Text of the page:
A bill proposing an amendment to the Pennsylvania constitution that would limit abortions is making its way through Harrisburg, prompting concern among abortion rights advocates that sweeping changes could occur in the Commonwealth.
Introduced by Senator Judy Ward (R., Blair County) late last year, Senate Bill 956 seeks to amend the Commonwealth constitution to add language stating that “there is no right to abortion” in the state, and that nothing in the state constitution “requires the funding of taxpayers for abortion”. The Senate Committee on Health and Human Services approved the bill along party lines Tuesday.
In a noteWard said the proposed constitutional amendment was prompted by a trial in the Supreme Court of the State of Pennsylvania which seeks to demand public funding for abortions for low-income women through Medicaid. Pennsylvania Medicaid laws have restricted coverage for most abortions since 1985.
The call for a constitutional amendment also comes as the U.S. Supreme Court is set to overturn Roe vs. Wade, which established the constitutional right to abortion, in a case involving Mississippi’s 15-week abortion ban. And Governor Tom Wolf, a Democrat who has vetoed several anti-abortion bills, will leave office in January 2023.
Here’s what you need to know:
Supporters of the bill say that, if passed, the proposed amendment would prevent abortions from being covered by taxpayers’ money. It would also ensure that state legislators make decisions on abortion policies, rather than the courts, said Maria Gallagher, legislative director of the Pennsylvania Pro-Life Federation.
Yes Roe vs. Wade is overturned, states could establish stricter rules limiting abortions.
“It has an element of allowing people, through elected representatives, to make laws, rather than having the courts decide policy on life issues,” Gallagher said.
Abortion rights advocates, however, fear the amendment could lay the groundwork for lawmakers to severely restrict or ban abortion in Pennsylvania. It is a possibility if Roe vs. Wade is overthrown, and we see a “hostile legislature and an anti-abortion governor” elected, said David S. Cohen, a Drexel University professor and attorney in the Medicaid case currently before the state Supreme Court.
“The real danger here is that it looks like the Supreme Court of the United States is going to drastically curtail abortion rights,” Cohen said. “That would let Pennsylvanians rely on the Pennsylvania Constitution [for abortion rights]and this amendment attempts to prevent that possibility.
READ MORE: How the Mississippi Supreme Court case could impact abortion access in Pennsylvania and New Jersey
Abortions in Pennsylvania are governed primarily by abortion control law, which includes a number of abortion access laws. Among other things, Pennsylvania:
Prohibits abortions after 24 weeks of pregnancy
Parental authorization required for children under 18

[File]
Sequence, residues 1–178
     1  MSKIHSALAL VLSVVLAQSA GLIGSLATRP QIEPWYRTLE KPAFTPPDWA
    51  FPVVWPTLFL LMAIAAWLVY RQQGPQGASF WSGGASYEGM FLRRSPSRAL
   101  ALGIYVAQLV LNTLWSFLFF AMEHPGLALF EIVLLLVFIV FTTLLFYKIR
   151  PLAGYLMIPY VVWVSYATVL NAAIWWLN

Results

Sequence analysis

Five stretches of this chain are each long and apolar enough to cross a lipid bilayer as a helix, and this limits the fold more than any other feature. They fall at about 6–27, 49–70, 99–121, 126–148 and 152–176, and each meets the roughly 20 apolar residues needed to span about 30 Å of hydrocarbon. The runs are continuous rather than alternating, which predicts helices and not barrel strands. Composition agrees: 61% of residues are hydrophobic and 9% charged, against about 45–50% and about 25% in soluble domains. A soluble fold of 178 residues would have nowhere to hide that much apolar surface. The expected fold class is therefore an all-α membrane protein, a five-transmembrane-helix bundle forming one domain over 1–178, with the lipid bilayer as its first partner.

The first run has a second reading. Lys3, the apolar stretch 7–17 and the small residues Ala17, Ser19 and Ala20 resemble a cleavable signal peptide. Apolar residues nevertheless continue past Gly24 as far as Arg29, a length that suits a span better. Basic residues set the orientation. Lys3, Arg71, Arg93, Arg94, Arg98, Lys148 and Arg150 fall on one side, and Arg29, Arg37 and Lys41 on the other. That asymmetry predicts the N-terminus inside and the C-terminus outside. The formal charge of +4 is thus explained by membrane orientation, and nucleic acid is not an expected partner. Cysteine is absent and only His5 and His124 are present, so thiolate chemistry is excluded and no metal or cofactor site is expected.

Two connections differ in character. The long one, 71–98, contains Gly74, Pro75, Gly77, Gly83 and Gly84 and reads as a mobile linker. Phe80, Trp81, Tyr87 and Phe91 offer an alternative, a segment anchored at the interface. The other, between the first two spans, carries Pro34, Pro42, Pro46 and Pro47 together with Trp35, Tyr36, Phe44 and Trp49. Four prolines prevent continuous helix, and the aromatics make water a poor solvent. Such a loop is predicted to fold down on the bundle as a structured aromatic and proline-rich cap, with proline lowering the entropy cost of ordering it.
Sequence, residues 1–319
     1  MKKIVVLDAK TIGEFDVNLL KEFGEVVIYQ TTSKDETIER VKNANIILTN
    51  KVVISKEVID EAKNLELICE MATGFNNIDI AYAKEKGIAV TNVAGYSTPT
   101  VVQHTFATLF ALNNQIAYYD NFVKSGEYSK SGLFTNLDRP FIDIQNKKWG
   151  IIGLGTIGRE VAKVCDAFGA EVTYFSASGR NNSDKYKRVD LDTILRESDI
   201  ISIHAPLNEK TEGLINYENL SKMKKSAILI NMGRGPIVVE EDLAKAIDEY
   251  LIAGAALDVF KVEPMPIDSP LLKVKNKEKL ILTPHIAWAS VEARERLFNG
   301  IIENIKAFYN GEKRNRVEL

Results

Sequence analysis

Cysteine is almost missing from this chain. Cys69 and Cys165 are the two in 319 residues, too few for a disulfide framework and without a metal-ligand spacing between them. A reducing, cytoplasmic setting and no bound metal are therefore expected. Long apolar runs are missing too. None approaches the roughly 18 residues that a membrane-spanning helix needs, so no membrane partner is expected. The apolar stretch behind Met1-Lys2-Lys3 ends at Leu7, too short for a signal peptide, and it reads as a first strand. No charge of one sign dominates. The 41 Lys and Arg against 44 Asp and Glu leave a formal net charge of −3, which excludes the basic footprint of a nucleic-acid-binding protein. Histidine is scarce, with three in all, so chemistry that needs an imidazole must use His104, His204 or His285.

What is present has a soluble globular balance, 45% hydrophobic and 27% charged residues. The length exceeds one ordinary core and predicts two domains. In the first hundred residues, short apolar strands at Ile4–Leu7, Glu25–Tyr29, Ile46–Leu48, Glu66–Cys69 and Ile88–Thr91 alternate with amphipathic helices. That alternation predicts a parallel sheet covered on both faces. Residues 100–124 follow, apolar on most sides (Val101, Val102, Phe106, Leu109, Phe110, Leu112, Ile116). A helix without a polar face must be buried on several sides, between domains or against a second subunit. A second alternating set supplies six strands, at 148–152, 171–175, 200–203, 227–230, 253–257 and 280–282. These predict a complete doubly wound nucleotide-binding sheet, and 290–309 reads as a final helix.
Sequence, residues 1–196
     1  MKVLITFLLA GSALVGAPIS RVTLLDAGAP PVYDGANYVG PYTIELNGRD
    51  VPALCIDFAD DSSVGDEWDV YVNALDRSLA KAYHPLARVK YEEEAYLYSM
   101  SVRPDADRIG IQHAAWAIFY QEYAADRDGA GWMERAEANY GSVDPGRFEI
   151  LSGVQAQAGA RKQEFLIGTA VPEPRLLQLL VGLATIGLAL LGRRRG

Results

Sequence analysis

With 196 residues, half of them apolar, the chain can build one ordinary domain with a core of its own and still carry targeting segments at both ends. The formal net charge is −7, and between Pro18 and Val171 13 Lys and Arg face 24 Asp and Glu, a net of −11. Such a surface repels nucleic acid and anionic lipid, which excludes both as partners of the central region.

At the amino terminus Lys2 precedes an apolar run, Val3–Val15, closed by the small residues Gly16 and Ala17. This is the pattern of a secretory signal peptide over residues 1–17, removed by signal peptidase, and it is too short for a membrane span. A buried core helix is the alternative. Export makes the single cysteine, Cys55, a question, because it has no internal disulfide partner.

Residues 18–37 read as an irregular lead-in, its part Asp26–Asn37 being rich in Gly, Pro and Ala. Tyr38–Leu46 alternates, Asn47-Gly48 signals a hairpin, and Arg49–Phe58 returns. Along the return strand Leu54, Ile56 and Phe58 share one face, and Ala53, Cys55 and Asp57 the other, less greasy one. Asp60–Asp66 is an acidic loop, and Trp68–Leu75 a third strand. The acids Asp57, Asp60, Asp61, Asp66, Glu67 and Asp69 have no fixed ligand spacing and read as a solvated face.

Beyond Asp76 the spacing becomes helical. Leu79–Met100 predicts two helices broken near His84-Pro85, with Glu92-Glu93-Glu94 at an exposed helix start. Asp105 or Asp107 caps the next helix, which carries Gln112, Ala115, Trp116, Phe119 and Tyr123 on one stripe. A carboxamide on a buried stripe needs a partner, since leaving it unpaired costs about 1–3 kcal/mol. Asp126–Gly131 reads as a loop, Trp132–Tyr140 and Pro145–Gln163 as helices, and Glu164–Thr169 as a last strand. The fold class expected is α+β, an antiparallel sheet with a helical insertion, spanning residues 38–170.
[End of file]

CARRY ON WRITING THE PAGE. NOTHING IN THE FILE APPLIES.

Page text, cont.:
Institutes a 24-hour waiting period
Requires consultation to discuss risks and alternatives
Public funds can only be used to perform abortions in case of rape or incest, or if the life of the mother is in danger.
Some abortion rights advocates fear the proposed amendment will impact other sexual and reproductive health care. Its wording is intended to “protect the life of every unborn child, from conception to birth,” which potentially means a range of treatments and procedures could be affected, said Signe Espinoza, executive director of Planned Parenthood Pennsylvania. Advocates.
“The wording of the bill is subject to interpretation. So this could have implications for contraception, in vitro fertilization, the treatment of miscarriages and, more generally, whether or not a pregnant person is able to make their own medical decisions about how and whether they give birth. Espinoza said.
No. Because this is a constitutional amendment, the governor – Wolf or otherwise – is not involved and cannot use his veto power. Instead, it follows a different process.
To be put to a vote, proposed constitutional amendments must pass both houses of the General Assembly two consecutive sessions. From there, they become referendums that Pennsylvania voters can approve or reject directly in an election. If a majority of voters support the amendment, it becomes part of the constitution and comes into force.
Often, Spotlight PA recently reported, voters approve of proposed constitutional amendments. In fact, since 1968, only six of the 49 proposed amendments that have reached voters have been voted down. And lawmakers are increasingly relying on the amendments, proposing more than 70 changes to the state constitution since January 2021.
» READ MORE: A Complete Guide and Amendment Tracker to Proposed Changes to the Pennsylvania Constitution
At national scale, polls have shown broad support for abortion in many cases, as well as support for maintaining Roe v. Wade. In Pennsylvania, an October Franklin and Marshall poll found that 51% of respondents believed abortion should be legal under certain circumstances. 36% said it should be legal under all circumstances and 11% said it should be illegal under all circumstances.